On אחרי + finite verb: Lev 25.48, 1 Sam 5.9. And with אחר (not אחרי) + finite verb: about a dozen more examples (where אחר is not “afterwards” but “after verb-ing”). The explanation is that אחר functions like a preposition and so takes a nominal complement; in these cases, the following finite verbal clause has been nominalized and so functions as the complement (and clitic host) of אחר/אחרי. This is why the construction can also have an אשׁר (or in post-biblical Hebrew, שׁ) between אחר and the finite verbal clause. Waltke and O’Connor (IBHS 1990) mention this in §38.7. 

We recognize that the Hebrew Bible has only 2 examples of אחרי + bare nominalized clause and about a dozen examples with אחר. But syntactically, this is equivalent to אחרי + אשׁר + nominalized clause, for which there are many more examples. Just like relative clauses, the אשׁר or שׁ is not always there to signal the nominalized clause.  

We thought very carefully about the pedagogy of teaching rarer constructions and often drew the following conclusions. First, students want to be able to express “after I verb-ed, I verb-ed”. And so, we gave them a legitimate BH construction for this. Second, we are embedding in introductory students the basic patterns what will serve them as they read texts and progress to the intermediate and advanced levels. In this case, we are subtly teaching them that not all nominalized clauses need an אשׁר or even כי to function in the place of nouns. So what they learn here goes for למען, מפני, עד, יען and a few other items that may stand before an אשׁר marked nominalized clause or a bare nominalized clause. Thus, we advocate inculcating the students with a vision for the whole forest rather than getting hung up on the individual trees.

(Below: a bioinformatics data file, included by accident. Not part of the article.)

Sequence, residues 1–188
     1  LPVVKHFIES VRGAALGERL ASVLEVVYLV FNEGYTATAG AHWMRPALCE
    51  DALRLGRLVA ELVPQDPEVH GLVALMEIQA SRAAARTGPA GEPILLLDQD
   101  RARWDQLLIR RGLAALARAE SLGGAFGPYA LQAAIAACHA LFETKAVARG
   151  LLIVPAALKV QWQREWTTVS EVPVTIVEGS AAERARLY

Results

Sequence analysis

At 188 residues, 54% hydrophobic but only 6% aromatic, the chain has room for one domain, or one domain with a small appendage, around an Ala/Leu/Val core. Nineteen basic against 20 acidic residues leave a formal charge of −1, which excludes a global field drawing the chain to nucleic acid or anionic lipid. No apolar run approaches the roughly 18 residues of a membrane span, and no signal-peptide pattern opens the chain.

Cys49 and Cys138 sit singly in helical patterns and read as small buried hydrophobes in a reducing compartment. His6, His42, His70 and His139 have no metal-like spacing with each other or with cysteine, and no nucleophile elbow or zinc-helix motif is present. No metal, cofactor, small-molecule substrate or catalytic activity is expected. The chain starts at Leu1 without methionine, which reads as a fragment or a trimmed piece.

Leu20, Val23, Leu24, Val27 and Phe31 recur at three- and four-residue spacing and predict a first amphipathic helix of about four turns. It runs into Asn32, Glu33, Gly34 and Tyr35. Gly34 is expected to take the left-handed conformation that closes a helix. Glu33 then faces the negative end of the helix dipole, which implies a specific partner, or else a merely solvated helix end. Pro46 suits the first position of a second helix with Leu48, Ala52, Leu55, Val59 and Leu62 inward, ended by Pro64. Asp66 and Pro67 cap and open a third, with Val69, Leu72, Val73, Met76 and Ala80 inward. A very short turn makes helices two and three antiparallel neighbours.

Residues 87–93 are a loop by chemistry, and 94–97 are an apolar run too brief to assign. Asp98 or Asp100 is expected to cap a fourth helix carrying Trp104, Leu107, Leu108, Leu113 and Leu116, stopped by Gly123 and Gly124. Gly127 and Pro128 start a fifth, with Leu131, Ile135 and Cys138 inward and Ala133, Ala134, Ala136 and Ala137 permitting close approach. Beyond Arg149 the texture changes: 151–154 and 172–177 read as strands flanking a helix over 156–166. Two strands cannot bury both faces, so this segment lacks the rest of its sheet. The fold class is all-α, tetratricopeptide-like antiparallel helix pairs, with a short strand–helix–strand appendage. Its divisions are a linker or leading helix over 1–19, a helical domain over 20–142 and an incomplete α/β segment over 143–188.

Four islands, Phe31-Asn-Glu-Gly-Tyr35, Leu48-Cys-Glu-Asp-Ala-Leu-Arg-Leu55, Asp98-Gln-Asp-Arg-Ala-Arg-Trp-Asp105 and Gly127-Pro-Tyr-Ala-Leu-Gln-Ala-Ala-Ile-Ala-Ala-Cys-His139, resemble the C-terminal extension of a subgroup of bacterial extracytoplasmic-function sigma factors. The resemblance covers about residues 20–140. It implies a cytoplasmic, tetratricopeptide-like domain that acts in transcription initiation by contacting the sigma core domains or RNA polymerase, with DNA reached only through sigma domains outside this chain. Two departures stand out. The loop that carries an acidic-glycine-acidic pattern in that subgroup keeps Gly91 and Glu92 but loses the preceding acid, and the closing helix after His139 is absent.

So our pedagogy is built on embedding the deeper patterns of Hebrew grammar rather than focusing solely on numerically dominant constructions. Of course, the vast majority of what we teach is also numerically dominant, but especially in the writing exercises of the Illustrated Reader, we occasionally teach a less frequent but very useful structure like אחרי + nominalized verbal clause.

On Word Stress

An eagle-eyed instructor asked us recently about our use of stress-marking (the ‘oleh  א֫) we use for unexpected word stress, such as a non-final syllable (i.e., the penultima) in nouns or a final syllable (i.e., the ultima) in the Irreal Perfect (weqataltí). He noted what he thought was an incorrect marking of the Irreal Perfect forms on p. 67 and r-20, 23. In other words, he rightly understand that we intended the forms as Irreal Perfects, but since we had not marked the stress on the ultima, it would naturally be read as a Real Perfect. 


My response is that the lack of ultima stress-marking on weqatalti forms is intentional. E. J. Revell (Professor emeritus, NMC, University of Toronto), published a number of studies in the mid-80s on this issue. He concluded that the position of the stress on the so-called waw-consecutive form was not tied to the semantics of the form, but to phrasal prosody. We find his argument compelling. Thus, in our textbook we chose not to perpetuate what we think to be a ghost phenomenon.

The non-paradigmatic stress-marking in the textbook follows this principle: when copying an exact biblical text, we add stress-marking on any non-paradigmatic syllable (e.g., the ultima in weqataltí) IF it is so placed in the Masoretic Text. Otherwise, we maintain the paradigm marking (weqatálti) throughout, regardless of verbal semantics. 

We recommend the following scholarship on this issue:

Revell, E.J. 

1984. Stress and the Waw “Consecutive” in Biblical Hebrew. Journal of the American Oriental Society 104 (3): 437-44.

1985. The Conditioning of Stress Position in Waw Consecutive Perfect Forms in Biblical Hebrew. Hebrew Annual Review 9 277-300.

1987. Stress Position in Hebrew Verb Forms with Vocalic Affix. Journal of Semitic Studies 32 (2): 249-71.